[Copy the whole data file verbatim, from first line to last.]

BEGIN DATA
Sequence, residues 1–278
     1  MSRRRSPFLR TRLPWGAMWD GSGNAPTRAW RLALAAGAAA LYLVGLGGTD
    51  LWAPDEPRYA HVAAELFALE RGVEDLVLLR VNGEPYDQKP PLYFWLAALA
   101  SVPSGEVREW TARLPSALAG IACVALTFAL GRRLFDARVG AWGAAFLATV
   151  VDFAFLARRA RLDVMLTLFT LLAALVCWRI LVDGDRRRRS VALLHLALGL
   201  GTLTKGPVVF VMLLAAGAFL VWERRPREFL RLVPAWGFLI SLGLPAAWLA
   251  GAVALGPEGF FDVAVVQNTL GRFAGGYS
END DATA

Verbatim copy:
Sequence, residues 1–278
     1  MSRRRSPFLR TRLPWGAMWD GSGNAPTRAW RLALAAGAAA LYLVGLGGTD
    51  LWAPDEPRYA HVAAELFALE RGVEDLVLLR VNGEPYDQKP PLYFWLAALA
   101  SVPSGEVREW TARLPSALAG IACVALTFAL GRRLFDARVG AWGAAFLATV
   151  VDFAFLARRA RLDVMLTLFT LLAALVCWRI LVDGDRRRRS VALLHLALGL
   201  GTLTKGPVVF VMLLAAGAFL VWERRPREFL RLVPAWGFLI SLGLPAAWLA
   251  GAVALGPEGF FDVAVVQNTL GRFAGGYS